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In the meantime, I will continue to attempt to ignore the latest snowfall outside and concentrate on these hardy little blooms instead. It only took a few days of warm sun this week for the crocus to pop open, and as soon as the snow melts they’ll be back. Spring can’t come soon enough!

Completed: A Study in Scarlet

I seem to have been in a reading slump lately. I could certainly without difficulty assign blame to any number of distractions, make my excuses. But if I’m honest with myself, I think the first reason above all others is that I haven’t been making time for reading. Reading of books, that is. I’ve been reading blog posts and reviews. Just not books. (Excepting a few very exciting chapters of Architectural Graphic Standards. Ha.)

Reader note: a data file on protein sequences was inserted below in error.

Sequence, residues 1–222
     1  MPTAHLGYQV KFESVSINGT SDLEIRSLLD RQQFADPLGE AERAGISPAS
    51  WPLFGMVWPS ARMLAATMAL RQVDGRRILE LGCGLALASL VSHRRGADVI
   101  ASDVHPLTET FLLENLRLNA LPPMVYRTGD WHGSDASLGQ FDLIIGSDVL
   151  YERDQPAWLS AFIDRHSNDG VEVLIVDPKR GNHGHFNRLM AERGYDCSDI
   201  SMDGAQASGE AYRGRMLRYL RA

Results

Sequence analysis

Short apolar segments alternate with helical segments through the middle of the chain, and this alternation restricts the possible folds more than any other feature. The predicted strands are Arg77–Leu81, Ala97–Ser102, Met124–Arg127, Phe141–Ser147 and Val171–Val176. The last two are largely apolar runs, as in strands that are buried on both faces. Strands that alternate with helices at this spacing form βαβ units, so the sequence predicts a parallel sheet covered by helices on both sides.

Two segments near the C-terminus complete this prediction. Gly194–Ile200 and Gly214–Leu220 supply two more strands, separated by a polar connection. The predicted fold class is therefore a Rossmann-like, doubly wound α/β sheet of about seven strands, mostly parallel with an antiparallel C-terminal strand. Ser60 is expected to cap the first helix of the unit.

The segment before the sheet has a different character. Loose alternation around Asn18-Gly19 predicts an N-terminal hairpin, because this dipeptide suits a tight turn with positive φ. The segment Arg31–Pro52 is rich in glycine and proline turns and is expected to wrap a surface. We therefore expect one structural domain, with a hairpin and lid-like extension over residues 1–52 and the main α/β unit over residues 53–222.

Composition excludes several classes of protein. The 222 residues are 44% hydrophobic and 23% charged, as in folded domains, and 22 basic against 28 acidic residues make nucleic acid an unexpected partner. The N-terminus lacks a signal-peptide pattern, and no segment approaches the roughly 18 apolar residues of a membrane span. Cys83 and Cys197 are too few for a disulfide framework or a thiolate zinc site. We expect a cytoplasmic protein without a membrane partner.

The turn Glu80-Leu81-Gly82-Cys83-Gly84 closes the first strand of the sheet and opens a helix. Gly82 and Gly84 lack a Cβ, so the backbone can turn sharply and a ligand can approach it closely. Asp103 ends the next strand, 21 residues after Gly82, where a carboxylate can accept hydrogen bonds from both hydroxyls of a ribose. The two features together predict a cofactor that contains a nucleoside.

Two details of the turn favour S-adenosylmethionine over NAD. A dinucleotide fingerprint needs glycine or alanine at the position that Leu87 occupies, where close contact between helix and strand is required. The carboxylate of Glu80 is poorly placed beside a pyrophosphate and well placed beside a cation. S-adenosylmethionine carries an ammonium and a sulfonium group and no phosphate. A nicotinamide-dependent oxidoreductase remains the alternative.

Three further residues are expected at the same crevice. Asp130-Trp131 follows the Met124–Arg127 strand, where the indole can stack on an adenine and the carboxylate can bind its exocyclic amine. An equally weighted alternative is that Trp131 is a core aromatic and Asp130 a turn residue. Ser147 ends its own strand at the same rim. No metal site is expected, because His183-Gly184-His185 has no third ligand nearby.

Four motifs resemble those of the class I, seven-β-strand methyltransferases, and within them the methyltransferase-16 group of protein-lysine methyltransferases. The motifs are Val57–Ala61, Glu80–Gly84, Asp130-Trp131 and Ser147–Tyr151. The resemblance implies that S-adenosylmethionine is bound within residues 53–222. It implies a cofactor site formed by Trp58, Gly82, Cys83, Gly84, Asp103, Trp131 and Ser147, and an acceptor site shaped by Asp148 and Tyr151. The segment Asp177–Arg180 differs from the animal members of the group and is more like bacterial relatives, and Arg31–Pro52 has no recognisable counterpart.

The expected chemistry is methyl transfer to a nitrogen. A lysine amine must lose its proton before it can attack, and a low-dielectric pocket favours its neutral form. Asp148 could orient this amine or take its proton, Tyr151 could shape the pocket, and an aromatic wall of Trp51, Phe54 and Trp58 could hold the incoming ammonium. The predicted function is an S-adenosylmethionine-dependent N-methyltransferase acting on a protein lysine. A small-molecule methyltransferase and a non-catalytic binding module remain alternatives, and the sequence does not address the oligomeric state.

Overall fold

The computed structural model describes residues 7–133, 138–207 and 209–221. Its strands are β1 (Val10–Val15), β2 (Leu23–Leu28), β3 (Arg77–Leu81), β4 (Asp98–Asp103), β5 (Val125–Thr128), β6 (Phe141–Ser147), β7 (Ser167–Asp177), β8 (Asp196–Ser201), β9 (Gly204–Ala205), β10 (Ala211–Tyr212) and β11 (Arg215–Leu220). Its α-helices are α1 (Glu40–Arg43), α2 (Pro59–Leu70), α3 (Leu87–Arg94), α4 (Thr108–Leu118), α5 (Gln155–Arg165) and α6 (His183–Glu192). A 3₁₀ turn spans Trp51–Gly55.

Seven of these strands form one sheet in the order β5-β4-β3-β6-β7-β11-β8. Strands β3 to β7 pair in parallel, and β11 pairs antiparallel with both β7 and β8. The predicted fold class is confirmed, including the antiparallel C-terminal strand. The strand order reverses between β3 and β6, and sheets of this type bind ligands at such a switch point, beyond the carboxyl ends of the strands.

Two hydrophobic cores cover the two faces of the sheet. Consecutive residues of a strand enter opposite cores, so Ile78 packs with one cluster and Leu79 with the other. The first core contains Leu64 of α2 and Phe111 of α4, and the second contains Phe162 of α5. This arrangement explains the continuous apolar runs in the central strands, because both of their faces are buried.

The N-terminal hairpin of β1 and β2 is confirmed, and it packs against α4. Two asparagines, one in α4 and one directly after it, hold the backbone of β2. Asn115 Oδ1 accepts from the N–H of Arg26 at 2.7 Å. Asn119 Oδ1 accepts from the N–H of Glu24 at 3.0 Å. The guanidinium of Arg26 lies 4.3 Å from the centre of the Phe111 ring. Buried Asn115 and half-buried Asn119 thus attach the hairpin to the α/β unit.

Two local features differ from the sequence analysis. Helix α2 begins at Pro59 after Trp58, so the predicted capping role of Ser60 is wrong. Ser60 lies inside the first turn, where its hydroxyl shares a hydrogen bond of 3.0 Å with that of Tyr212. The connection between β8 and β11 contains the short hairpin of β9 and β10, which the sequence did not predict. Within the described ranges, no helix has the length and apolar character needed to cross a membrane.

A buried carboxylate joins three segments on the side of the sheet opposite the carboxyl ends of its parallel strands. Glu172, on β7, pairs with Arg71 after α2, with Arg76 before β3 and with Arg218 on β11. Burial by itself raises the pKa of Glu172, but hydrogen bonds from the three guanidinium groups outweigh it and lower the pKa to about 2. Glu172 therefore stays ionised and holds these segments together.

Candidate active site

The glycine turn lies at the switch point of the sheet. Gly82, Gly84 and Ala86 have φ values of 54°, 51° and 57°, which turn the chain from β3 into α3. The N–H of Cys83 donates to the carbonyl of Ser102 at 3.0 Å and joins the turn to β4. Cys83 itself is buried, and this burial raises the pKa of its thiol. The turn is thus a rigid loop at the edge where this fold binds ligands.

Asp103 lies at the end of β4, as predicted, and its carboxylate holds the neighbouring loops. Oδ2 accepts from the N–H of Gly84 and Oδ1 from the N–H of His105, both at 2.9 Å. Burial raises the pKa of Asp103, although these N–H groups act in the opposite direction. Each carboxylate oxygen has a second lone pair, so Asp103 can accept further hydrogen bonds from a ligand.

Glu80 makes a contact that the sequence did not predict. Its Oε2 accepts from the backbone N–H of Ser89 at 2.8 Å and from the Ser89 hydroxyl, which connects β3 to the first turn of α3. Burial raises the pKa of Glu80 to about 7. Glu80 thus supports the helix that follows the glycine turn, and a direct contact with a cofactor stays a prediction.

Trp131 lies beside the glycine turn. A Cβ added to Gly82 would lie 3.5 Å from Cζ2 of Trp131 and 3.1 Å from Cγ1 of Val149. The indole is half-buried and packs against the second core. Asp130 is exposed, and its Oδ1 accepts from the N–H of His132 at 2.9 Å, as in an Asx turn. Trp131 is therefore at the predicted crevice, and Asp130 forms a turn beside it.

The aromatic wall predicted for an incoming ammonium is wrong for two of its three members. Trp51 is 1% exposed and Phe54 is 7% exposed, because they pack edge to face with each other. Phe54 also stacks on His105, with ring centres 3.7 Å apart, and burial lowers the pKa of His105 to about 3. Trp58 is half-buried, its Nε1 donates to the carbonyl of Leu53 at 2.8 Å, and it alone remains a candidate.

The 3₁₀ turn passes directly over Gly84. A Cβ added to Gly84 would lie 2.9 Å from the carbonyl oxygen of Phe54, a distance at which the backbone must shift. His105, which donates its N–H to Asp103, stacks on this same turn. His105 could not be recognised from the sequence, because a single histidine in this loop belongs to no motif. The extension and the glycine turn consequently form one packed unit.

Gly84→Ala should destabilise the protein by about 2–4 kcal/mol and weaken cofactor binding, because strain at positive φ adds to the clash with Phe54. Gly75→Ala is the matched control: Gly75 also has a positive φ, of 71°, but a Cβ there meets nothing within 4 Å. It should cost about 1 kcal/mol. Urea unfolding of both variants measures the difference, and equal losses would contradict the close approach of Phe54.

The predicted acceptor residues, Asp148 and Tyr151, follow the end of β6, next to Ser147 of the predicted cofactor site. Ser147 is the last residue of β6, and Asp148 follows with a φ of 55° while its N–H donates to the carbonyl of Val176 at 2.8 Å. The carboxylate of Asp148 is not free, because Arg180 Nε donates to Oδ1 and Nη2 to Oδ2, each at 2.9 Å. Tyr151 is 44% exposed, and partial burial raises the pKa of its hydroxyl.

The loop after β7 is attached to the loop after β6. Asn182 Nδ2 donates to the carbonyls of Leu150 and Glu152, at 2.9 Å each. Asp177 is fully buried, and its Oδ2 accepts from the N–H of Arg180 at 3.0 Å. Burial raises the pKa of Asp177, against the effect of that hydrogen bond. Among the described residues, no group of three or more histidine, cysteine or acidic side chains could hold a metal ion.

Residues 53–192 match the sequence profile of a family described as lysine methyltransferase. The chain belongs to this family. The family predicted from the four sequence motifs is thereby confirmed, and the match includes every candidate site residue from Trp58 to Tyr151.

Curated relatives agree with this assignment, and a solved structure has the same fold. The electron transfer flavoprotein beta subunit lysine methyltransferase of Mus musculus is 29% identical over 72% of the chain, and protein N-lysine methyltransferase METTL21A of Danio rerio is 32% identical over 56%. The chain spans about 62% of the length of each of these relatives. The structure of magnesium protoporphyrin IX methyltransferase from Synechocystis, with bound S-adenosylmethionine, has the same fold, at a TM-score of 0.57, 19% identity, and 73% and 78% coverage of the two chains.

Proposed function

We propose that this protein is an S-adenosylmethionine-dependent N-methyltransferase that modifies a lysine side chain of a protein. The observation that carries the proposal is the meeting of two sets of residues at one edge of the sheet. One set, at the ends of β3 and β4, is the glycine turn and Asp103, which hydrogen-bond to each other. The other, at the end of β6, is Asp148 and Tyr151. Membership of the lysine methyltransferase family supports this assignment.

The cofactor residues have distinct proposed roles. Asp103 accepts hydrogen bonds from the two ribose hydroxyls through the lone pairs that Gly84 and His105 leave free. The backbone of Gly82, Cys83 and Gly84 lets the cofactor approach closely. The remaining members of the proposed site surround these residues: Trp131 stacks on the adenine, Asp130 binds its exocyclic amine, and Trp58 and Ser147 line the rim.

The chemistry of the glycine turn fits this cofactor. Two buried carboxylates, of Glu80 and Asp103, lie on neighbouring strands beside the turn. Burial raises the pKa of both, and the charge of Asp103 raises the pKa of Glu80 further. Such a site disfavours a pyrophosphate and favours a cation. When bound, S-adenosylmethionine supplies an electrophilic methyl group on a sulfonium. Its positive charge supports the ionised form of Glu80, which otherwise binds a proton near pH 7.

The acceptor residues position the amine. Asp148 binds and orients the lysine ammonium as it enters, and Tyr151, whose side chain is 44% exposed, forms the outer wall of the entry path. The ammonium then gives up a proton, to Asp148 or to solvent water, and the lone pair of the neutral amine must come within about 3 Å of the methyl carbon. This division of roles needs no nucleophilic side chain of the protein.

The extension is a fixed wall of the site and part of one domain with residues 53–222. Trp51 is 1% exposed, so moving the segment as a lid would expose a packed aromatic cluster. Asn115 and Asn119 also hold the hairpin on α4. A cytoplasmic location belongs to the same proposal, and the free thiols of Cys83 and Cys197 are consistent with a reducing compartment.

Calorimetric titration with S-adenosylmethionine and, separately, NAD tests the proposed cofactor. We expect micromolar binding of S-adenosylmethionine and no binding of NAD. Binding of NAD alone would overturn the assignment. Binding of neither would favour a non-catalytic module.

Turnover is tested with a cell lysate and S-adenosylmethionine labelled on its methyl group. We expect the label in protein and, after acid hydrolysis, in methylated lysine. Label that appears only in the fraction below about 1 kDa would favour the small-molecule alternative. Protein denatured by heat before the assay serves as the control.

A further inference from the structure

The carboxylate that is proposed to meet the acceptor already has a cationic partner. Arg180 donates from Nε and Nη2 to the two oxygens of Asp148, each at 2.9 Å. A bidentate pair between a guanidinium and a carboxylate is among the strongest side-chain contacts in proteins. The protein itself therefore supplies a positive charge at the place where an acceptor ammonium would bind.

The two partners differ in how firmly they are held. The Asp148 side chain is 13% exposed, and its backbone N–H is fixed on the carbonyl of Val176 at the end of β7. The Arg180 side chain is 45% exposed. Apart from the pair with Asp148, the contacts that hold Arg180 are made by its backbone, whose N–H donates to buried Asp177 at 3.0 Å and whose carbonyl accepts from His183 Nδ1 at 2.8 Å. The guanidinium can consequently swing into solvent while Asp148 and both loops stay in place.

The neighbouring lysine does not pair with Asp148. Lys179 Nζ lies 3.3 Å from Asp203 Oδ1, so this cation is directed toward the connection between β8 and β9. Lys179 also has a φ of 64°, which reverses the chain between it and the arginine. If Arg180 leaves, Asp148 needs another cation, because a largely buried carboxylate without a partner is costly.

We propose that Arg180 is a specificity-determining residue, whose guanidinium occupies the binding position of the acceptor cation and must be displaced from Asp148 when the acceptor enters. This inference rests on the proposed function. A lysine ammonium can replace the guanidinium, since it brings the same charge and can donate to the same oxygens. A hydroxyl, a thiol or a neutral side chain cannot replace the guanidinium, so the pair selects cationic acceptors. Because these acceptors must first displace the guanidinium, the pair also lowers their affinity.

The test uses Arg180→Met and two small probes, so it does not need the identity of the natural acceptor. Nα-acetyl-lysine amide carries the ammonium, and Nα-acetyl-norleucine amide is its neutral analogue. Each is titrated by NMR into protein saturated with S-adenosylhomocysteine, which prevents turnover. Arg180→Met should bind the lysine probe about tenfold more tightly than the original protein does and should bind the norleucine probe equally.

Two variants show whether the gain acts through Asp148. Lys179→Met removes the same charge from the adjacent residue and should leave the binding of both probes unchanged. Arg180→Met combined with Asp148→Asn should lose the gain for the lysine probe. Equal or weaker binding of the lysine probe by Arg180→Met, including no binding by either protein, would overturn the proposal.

I want to read books. I keep looking at my finished and partially finished lists, adding books and authors and entirely new categories as the whim strikes me. I’ve read about authors, winnowing down which books are the top selections by the more prolific writers, discovering lesser known novels which I can hope are gems.

I think perhaps this may, indirectly, get at the heart of my present reading problem. Right now, for whatever whim or reason of my fancy, I’m in a mood to read about books. And I’ve been trying to read a detective story instead.